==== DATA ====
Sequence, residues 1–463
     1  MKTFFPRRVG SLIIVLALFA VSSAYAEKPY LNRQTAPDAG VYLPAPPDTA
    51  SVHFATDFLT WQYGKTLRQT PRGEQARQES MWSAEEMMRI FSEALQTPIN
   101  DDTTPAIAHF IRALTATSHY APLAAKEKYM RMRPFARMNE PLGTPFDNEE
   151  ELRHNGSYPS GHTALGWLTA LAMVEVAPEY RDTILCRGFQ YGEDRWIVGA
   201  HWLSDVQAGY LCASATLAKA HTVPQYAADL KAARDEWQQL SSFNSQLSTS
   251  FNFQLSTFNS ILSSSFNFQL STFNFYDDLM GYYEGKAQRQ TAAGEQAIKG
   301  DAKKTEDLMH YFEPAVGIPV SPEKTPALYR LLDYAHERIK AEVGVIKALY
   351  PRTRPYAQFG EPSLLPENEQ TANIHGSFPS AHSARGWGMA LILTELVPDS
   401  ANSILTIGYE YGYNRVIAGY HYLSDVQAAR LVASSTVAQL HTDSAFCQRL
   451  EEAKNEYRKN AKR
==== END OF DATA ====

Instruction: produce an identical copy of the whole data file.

Sequence, residues 1–463
     1  MKTFFPRRVG SLIIVLALFA VSSAYAEKPY LNRQTAPDAG VYLPAPPDTA
    51  SVHFATDFLT WQYGKTLRQT PRGEQARQES MWSAEEMMRI FSEALQTPIN
   101  DDTTPAIAHF IRALTATSHY APLAAKEKYM RMRPFARMNE PLGTPFDNEE
   151  ELRHNGSYPS GHTALGWLTA LAMVEVAPEY RDTILCRGFQ YGEDRWIVGA
   201  HWLSDVQAGY LCASATLAKA HTVPQYAADL KAARDEWQQL SSFNSQLSTS
   251  FNFQLSTFNS ILSSSFNFQL STFNFYDDLM GYYEGKAQRQ TAAGEQAIKG
   301  DAKKTEDLMH YFEPAVGIPV SPEKTPALYR LLDYAHERIK AEVGVIKALY
   351  PRTRPYAQFG EPSLLPENEQ TANIHGSFPS AHSARGWGMA LILTELVPDS
   401  ANSILTIGYE YGYNRVIAGY HYLSDVQAAR LVASSTVAQL HTDSAFCQRL
   451  EEAKNEYRKN AKR